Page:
Schools collect a lot of data about students. Of course data can be a valuable tool for improving student outcomes, for instance, by identifying students who are at risk of dropping out, allowing teachers to intervene early on. (If you’re curious about how else schools put data to work, check out the Data Quality Campaign’s Data-Rich Year.) However, that same information can pose a substantial risk to students and their families if it’s not managed well, and managing that information is no simple task. For example, take the seemingly straightforward topic of data deletion. Just drag a file to the trash and empty the trash, right? Unfortunately, deleting data is much more complicated, with a number of important policy, legal, and technical considerations.
You don’t have to look too hard to find instances where student data was exposed because information that should have been deleted was not. For example, in New Orleans a school district sold laptops containing the names, addresses, and Social Security numbers of 210 students, putting them at risk of identity theft or phishing attacks. And the danger doesn’t just apply to electronic records. In Tulsa, a woman discovered student records including both academic and personal information alongside other discarded school supplies.
One way educational institutions can minimize risk for students and families is to cut down on how much data they collect and store (an approach often called “data minimization”), and keep only what they really need. After all, if the data doesn’t exist, it can’t be misused or breached. And there are other benefits to minimizing data: large data sets are expensive to maintain and search. Also, as data sets grow more complex, updating and searching the data becomes more complex, making it more difficult to separate the signal from the noise.
Students who want to pursue higher education need their high-school transcripts, whether they graduated one year ago or 50.
Unfortunately, in the education context, minimizing data is a complicated task. Institutions have very good reasons to retain some types of data for a very long time. For example, students who want to pursue higher education need their high-school transcripts, whether they graduated one year ago or 50. Schools have to find a way to balance retaining and deleting data so they can provide students with the services they need, but limit the risk as much as possible.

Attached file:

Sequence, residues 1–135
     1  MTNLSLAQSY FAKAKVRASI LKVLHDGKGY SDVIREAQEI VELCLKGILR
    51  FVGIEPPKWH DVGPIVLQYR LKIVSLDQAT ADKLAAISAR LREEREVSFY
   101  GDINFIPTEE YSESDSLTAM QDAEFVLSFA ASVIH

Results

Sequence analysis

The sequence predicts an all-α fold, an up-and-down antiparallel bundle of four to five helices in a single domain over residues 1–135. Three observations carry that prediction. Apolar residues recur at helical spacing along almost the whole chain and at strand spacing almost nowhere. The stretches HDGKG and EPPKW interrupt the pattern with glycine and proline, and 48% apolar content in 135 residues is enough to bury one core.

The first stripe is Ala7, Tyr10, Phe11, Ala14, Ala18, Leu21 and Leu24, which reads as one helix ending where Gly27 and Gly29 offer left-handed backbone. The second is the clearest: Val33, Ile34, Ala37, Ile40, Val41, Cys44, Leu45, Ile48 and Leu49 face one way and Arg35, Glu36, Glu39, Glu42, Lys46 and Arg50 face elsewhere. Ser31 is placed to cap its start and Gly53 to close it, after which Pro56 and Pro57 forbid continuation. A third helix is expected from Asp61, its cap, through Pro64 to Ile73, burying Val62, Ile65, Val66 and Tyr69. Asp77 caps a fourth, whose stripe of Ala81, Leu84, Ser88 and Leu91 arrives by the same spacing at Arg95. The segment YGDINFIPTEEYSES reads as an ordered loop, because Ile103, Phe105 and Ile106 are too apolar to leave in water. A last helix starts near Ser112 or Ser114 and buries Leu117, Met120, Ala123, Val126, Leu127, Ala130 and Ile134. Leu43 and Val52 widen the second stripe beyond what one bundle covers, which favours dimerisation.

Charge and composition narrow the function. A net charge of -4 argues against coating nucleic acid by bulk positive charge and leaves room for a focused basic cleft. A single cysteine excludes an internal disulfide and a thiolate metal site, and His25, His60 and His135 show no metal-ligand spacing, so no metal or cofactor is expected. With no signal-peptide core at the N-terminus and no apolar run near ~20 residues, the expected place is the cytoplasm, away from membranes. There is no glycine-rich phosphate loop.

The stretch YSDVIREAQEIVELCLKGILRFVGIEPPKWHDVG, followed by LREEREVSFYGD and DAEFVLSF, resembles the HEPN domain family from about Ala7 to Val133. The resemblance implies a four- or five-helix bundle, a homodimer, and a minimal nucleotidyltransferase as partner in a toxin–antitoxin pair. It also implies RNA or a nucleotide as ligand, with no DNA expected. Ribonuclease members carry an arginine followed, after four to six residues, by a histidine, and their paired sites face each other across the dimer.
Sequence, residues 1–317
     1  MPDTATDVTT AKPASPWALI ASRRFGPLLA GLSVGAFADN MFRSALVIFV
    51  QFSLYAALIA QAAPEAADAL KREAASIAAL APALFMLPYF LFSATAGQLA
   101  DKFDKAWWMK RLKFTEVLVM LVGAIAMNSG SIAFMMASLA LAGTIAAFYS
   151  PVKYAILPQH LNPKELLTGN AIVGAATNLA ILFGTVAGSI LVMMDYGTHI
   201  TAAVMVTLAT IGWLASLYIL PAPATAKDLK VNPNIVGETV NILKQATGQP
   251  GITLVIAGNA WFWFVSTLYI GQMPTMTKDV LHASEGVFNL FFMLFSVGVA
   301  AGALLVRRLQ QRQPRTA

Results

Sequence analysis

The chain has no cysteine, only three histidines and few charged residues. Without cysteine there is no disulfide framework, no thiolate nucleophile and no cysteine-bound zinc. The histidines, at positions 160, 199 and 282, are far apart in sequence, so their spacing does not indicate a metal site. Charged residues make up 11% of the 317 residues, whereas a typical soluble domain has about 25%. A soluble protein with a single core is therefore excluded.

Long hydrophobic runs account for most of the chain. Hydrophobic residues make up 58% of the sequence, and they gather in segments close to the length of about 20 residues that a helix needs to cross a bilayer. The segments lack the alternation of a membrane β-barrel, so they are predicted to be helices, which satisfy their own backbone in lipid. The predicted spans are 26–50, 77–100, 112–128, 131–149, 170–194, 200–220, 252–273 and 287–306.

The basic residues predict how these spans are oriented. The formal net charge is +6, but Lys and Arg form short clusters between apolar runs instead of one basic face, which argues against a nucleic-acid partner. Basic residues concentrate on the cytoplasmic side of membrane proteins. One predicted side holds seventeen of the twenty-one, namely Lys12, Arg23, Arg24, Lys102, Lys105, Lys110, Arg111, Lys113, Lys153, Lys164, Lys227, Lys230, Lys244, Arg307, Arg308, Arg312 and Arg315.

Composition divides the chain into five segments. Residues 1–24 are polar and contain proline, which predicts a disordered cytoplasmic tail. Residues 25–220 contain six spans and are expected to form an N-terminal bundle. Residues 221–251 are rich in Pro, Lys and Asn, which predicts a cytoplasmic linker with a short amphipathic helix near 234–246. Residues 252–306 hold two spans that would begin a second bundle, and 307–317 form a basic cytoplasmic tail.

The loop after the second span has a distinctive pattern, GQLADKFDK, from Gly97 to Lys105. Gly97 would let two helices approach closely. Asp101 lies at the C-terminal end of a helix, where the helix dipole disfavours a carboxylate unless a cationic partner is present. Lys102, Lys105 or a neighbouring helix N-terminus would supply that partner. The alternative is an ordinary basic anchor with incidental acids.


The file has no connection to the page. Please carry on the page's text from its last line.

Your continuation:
Further complicating the difficult balance between data minimization and data retention is a convoluted legal landscape. Institutions have to comply with a thicket of both federal and state laws that don’t always fit together smoothly. At the federal level, the Family Educational Rights and Privacy Act (FERPA), the Children’s Online Privacy Protection Act (COPPA), and the Individuals with Disabilities Education Act (IDEA) all govern handling students’ data. There are state laws to consider as well, which makes the picture even more chaotic. California, for example, has at least nine laws that impact how institutions must manage student data, both education-specific and more general consumer and child privacy laws. As with the federal laws, it’s not always obvious how the laws interact with one another, or what to do if they seem to conflict.
Let’s suppose a school does manage to navigate these waters, and settles on a solid retention/deletion plan. Well, there’s still one more wrench to throw in the works: deleting data is more technically complex than it might seem. Deleting a file isn’t as simple as dragging to the trash or recycle bin and then emptying the bin. That approach actually leaves the data fairly susceptible to recovery; that is, simple forms of deletion can often be simply reversed. More care must be taken. There are other approaches (like overwriting data or destroying the storage media itself) that provide better security, but these are more expensive or time consuming. In addition to determining when to delete what data, educational institutions also have to consider how technically to delete that data.
But have no fear! CDT is developing recommendations for practitioners, and the companies that work with them, about how to balance data retention and deletion that maximize the value of data and technology while protecting students’ privacy. Stay tuned for more materials in early 2019. In the meantime, try to remember to forget.